Alumni Spotlight: Tiara Brooks
By November 2018, Tiara D. Brooks (LOG & MGMT, 2019) had already obtained a full-time position with Target as an operations manager at a distribution center even though she would not graduate for six more months! She credits the tools the Parker College of Business gave her through LinkedIn workshops, résumé reviewing, and business seminars with helping her to obtain that first position. Tiara says she knew exactly how to prepare for recruiting with business cards and to be confident during interviews. As president of the student chapter of the Eagle Executive Society, Tiara learned to be prepared. She awoke every morning with an agenda filled with opportunities for growth. Tiara often stuffed a pair of heels in her bookbag in anticipation of an event later in the day. She admits she was very busy, but she loved it.
In that first job, Tiara was the sole supervisor and worked night shifts of 15-hours each day three times each week. She managed 40 team members across two teams to consistently exceed cycle time goals. Unfortunately, at one point, Tiara became depressed because she was unsure if the job she was doing was a good fit for her. She began to wonder what other types of jobs she would be good at but had no idea of what other career paths she could choose. After several months, Tiara approached her manager. To her surprise, instead of being upset that she was unhappy, Tiara’s manager responded with warmth and comfort. The manager told her about other careers that would fit Tiara’s personality and even served as a partner with HR to help her to obtain a promotion as executive team leader at a Target store in Peachtree City. Although her manager did not wish to lose Tiara, she was dedicated to being there and helping to find the position that best suited Tiara.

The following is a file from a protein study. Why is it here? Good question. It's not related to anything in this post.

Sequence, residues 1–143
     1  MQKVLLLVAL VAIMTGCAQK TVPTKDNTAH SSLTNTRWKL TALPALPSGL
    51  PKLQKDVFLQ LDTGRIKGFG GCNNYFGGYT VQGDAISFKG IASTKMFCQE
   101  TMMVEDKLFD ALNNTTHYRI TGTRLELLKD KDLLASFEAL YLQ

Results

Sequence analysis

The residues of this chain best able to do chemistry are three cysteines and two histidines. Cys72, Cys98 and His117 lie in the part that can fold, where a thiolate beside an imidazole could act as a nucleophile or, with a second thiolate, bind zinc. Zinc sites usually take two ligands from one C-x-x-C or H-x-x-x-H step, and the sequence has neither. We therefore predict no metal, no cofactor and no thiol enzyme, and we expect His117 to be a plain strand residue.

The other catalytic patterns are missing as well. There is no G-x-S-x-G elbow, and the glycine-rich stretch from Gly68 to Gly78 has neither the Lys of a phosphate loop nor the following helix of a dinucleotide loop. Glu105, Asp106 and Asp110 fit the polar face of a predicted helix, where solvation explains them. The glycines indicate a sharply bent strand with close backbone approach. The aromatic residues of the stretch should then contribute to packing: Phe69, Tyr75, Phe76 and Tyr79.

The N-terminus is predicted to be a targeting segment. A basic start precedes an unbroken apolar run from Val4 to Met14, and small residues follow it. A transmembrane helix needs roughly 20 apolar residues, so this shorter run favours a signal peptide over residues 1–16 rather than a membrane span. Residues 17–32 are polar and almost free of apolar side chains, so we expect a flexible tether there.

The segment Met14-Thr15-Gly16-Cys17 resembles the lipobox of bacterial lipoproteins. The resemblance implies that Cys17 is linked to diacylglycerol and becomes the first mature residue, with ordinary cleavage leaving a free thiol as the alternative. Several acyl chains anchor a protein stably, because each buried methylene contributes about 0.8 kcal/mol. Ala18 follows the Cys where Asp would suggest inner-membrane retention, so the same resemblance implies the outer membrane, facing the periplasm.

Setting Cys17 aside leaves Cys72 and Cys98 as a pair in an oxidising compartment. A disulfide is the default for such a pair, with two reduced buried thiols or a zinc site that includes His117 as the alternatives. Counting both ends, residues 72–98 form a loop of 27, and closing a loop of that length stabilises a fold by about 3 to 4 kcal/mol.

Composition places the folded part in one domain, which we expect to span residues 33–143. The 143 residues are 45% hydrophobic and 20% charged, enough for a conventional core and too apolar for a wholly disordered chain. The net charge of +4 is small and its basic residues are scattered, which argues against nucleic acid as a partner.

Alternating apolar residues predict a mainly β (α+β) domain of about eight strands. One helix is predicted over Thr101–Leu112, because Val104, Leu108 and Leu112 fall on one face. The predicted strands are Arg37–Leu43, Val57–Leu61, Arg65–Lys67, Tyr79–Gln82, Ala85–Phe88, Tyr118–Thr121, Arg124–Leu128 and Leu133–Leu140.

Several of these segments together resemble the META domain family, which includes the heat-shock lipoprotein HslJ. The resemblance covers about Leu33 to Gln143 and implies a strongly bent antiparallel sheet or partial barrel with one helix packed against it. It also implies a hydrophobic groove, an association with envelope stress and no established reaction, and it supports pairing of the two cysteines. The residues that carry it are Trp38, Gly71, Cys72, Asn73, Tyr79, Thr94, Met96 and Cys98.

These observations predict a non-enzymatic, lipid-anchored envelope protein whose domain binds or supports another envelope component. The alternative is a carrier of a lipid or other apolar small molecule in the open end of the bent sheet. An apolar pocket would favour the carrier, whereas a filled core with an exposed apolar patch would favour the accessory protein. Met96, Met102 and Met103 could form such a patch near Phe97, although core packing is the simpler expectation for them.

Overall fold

As executive team lead, Tiara now works 10-hour shifts five or six days each week. She is responsible for quickly identifying and resolving negative guest shopping experiences to ensure customer satisfaction before guests leave the store. Tiara focuses most of her time on making sure that Target’s brand is upheld and that the service and engagement her team gives to guests are exceptional. She is also the daily motivator for her team and team leads. Each week, the team must meet daily metrics, and Tiara is proud that she has a team that she is able to understand and lead well.
Tiara is especially proud of the connections she makes with her teams. Before she left her previous position, Tiara’s team stated, “Let’s go where Tiara goes.” Now, her team says, “I love working here because of my manager” and “I want to be here so that I can work with her.” Making those connections and providing an impact to inspire her team to chase their dreams gives her purpose. Tiara’s favorite quote is “Never let the fear of striking out keep you from playing the game” (Babe Ruth). This quote encouraged Tiara to follow her dreams and realize it was all right not to have a set plan to follow. She believes that everyone should enjoy life’s journey, including the roadblocks because, if we are striving toward something important to us, then we are striving toward personal success. She implores us to follow our dreams and be true to ourselves.